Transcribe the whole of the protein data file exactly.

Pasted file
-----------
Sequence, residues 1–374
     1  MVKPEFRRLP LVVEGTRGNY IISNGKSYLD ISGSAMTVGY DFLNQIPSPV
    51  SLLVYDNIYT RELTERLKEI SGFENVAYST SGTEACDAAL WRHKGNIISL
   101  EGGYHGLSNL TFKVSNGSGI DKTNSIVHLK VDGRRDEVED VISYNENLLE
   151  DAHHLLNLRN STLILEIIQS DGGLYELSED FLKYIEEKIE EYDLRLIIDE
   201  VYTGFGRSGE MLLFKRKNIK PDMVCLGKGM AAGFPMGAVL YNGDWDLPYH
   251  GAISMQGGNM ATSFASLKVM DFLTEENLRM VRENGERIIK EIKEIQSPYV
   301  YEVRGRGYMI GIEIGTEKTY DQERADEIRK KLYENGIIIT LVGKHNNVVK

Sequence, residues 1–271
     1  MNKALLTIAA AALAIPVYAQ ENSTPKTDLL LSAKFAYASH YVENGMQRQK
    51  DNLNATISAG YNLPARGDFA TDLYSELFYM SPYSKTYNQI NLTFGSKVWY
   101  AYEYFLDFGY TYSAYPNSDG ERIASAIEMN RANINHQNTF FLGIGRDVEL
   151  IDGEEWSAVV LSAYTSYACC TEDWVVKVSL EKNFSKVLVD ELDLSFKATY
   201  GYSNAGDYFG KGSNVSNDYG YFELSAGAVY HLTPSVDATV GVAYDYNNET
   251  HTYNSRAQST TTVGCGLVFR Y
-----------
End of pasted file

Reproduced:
Sequence, residues 1–374
     1  MVKPEFRRLP LVVEGTRGNY IISNGKSYLD ISGSAMTVGY DFLNQIPSPV
    51  SLLVYDNIYT RELTERLKEI SGFENVAYST SGTEACDAAL WRHKGNIISL
   101  EGGYHGLSNL TFKVSNGSGI DKTNSIVHLK VDGRRDEVED VISYNENLLE
   151  DAHHLLNLRN STLILEIIQS DGGLYELSED FLKYIEEKIE EYDLRLIIDE
   201  VYTGFGRSGE MLLFKRKNIK PDMVCLGKGM AAGFPMGAVL YNGDWDLPYH
   251  GAISMQGGNM ATSFASLKVM DFLTEENLRM VRENGERIIK EIKEIQSPYV
   301  YEVRGRGYMI GIEIGTEKTY DQERADEIRK KLYENGIIIT LVGKHNNVVK

Sequence, residues 1–271
     1  MNKALLTIAA AALAIPVYAQ ENSTPKTDLL LSAKFAYASH YVENGMQRQK
    51  DNLNATISAG YNLPARGDFA TDLYSELFYM SPYSKTYNQI NLTFGSKVWY
   101  AYEYFLDFGY TYSAYPNSDG ERIASAIEMN RANINHQNTF FLGIGRDVEL
   151  IDGEEWSAVV LSAYTSYACC TEDWVVKVSL EKNFSKVLVD ELDLSFKATY
   201  GYSNAGDYFG KGSNVSNDYG YFELSAGAVY HLTPSVDATV GVAYDYNNET
   251  HTYNSRAQST TTVGCGLVFR Y